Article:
Yale University Economics Professor and Nobel Laureate Robert Shiller warns that the United States could very well return to economic stimulus in the form of quantitative easing if the current stagnation continues.
The Federal Reserve's carefully scripted decision to raise interest rates last December, and begin a return to "normal" policy, may now become a nightmare for the U.S. central bank if an economic downturn forces a return to unconventional methods.
Fed Chair Janet Yellen recently told lawmakers she was studying ways to "be prepared" in the event the current slide in world stock markets, concern about financial sector stress, and slowing economic growth all translate into a recession or another financial crisis.
A return to quantitative easing or bond buying to counter another recession would face doubts though also. The initial round of U.S. quantitative easing is thought to have helped battle the financial crisis when it was launched in December 2008, but even sympathetic policymakers have questioned how much impact two subsequent rounds of bond buying had on jobs, investment and economic growth.
Shiller thinks a fourth round of QE isn’t off the table, but is far from a certainty.
“If things get bad, yes. They are not on the track right now, but that is the tool that is widely admired and I think that if it does get bad, they will certainly go back,” he told the Economic Times.
Shiller, however, doesn’t think the U.S. is headed to another 2008-like crisis.
“First of all, the 2008 crisis was bad. So, it would be foolish to predict something that bad again. We do see some improvements. For example, banks have higher capital now. On the other hand, it does have a risk of becoming a crisis. But it is hard to predict these things,” he said.
He also doesn’t think world central banks like the Federal Reserve are totally to blame for all of the economic woes.
“I do not think they are primarily responsible. I think there is a tendency to exaggerate the importance of central banks when they are doing a good job. There was a weakness in the world economy and there was some effort to stimulate it," he said.
"Now, it did have an exaggerated impact on financial markets. Maybe they should have been more concerned about that but I do not think I would pin most of the blame on them. I think we cannot expect them to control everything perfectly,” he said.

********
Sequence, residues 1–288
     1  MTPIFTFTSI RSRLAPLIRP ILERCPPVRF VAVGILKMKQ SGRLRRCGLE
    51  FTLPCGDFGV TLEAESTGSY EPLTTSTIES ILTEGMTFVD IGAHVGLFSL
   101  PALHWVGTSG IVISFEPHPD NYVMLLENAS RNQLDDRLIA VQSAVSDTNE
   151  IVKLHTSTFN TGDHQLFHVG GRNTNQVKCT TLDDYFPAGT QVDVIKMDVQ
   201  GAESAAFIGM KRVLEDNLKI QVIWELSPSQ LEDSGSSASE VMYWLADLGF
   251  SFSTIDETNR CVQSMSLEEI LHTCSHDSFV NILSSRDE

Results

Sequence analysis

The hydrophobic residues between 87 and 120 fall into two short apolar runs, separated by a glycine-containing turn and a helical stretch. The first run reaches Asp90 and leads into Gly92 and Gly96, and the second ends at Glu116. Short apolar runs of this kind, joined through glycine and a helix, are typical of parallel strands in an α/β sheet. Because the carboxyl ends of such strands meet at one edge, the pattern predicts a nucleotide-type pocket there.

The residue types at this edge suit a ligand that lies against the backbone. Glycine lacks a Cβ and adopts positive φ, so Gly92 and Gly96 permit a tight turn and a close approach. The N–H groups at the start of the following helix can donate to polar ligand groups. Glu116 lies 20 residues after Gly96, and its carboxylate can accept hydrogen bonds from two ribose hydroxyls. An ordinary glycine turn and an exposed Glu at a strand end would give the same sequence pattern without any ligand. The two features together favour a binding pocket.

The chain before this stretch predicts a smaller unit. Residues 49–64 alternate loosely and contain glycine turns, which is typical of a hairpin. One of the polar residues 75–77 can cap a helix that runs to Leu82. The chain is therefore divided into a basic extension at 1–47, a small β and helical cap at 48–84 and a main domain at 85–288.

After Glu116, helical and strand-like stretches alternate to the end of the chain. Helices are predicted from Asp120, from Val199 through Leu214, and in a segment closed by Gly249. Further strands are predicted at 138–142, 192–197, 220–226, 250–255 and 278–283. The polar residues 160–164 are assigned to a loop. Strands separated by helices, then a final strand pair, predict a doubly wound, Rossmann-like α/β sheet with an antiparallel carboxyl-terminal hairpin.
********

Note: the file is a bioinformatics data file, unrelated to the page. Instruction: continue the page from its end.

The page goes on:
Some experts feel the central bank will eventually have to make some tough decisions to boost economic growth.
"The policy options for the Fed are not great," Jon Faust, a Johns Hopkins University economics professor and former adviser to the Fed's Washington-based Board of Governors, recently told Reuters.
Quantitative easing "made a lot of sense" as an effort to prime a nascent economic recovery, Faust said, "but that is not the same as turning an economy that is heading down."
With short term U.S. interest rates still so near zero, the standard monetary policy tool of lowering rates is also unlikely to work. Other options, such as the direct lending programs used during the 2008 crisis, might stretch the Fed's legal authority.
"There are limits to what monetary policy can do," said John Cochrane, a senior fellow at the Hoover Institution at Stanford University. "There is a world market pushing for lower interest rates that is very hard for the Fed to fight."
It is still too early for the Fed to declare defeat though, said David Stockton, the Fed's former research director and now a fellow at the Peterson Institute for International Economics.
The Fed's next monetary policy meeting will be held on March 15-16 when policymakers issue fresh economic forecasts and Yellen holds a press conference.
(Newsmax wire services contributed to this report).
© 2023 Newsmax Finance. All rights reserved.